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How to build a Japanese Braiding Loom

For centuries the Japanese have practiced the art of braiding fine silk threads on the traditional maru dai, or braiding table.
But this same technique can be applied to threads and yarns other than fine silk to quickly and accurately braid utility cords and ropes for dog leashes, clothes lines, candle wicking, or by braiding the tape from old audio cassette tapes or strong fishing line.

Braids can be round, square or rectangular in cross section, and plain or decorative. No matter how fine or coarse the thread or yarn, no matter whether a four-strand simple braid or a complex 32-strand braid, the resulting cord will always have perfect gauge and tension.

The braiding loom, braiding table, or maru dai, as it is called in Japan, is a round or square surface with a hole in the center, sanded very smooth and attached to some kind of base to hold it at a convenient height. The height can be fixed or adjustable, depending on the loom, and set for use on a table top, or while working seated or standing.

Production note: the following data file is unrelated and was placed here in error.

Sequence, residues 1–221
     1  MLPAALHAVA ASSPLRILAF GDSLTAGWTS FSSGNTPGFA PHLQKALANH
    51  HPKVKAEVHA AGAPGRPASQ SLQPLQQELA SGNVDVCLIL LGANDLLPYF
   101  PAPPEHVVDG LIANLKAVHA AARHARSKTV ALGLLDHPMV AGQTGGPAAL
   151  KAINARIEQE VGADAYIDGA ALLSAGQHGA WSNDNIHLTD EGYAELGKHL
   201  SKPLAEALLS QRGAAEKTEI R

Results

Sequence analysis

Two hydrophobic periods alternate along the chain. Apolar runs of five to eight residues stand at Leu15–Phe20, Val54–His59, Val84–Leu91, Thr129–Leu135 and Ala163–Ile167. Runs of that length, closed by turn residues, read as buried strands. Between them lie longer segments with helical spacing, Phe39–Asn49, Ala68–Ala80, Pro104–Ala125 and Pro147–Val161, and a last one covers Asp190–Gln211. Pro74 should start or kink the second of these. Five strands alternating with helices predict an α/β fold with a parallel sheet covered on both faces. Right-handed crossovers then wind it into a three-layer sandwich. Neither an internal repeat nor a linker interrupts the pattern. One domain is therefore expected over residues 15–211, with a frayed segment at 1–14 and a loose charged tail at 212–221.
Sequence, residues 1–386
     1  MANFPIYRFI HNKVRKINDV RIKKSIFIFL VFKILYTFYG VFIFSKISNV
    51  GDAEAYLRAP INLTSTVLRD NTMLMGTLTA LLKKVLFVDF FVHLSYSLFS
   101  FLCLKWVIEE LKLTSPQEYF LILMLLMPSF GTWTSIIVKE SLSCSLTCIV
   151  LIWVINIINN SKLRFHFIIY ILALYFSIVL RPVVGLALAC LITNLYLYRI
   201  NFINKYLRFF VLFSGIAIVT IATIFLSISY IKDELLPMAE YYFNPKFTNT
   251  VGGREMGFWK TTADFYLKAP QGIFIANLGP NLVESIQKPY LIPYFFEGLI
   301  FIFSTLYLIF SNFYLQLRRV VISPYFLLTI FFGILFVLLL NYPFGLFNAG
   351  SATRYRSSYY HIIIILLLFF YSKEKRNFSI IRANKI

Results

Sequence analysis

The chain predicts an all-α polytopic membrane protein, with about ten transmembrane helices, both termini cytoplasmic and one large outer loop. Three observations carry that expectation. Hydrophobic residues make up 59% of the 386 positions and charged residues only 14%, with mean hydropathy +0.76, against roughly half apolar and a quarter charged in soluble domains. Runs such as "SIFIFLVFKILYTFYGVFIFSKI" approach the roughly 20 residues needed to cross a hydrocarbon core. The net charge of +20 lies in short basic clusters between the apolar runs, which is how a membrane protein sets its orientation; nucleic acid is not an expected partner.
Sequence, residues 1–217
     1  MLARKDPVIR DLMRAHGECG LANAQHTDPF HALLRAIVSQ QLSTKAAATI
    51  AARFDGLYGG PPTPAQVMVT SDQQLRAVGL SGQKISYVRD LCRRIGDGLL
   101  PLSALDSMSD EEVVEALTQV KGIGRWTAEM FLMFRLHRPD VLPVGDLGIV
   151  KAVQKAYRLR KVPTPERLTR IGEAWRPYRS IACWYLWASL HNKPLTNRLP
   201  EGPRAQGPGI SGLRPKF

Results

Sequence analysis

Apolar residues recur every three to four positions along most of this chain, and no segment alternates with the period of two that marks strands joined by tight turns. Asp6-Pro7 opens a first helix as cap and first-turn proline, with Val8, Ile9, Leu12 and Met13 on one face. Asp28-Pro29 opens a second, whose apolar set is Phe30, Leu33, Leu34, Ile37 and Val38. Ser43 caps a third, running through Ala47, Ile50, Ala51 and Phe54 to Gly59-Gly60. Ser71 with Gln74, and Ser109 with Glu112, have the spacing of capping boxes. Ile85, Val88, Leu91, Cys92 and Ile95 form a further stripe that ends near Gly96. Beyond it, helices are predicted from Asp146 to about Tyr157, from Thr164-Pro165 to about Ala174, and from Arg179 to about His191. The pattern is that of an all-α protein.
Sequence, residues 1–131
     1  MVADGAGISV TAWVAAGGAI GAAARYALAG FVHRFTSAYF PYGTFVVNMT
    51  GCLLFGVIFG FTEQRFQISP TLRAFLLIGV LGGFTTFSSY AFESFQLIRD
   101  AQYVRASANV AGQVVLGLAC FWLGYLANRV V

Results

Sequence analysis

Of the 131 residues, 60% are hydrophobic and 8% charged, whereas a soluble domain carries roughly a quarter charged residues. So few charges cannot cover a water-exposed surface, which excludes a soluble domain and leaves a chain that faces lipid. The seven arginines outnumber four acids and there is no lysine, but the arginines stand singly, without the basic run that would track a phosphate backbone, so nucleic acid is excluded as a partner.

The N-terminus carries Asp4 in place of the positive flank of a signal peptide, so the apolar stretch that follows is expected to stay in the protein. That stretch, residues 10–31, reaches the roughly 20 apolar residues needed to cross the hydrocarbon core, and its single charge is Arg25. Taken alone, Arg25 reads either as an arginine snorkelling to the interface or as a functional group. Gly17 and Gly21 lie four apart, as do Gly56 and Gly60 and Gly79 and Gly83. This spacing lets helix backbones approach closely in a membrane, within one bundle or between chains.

For each strand in the completed braid, a weighted bobbin is wound with thread, yarn, or string of the choosen color.

The various threads are all tied together and the knot is fed through the hole in the center of the loom. Another, heavier weighted bobbin is attached to the knot under the hole.

If you are interested in learning more about this craft or even how to build a Japanese Braiding Loom there is a complete guide at the link below.

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1 Comment

  1. how do u do this with 6?

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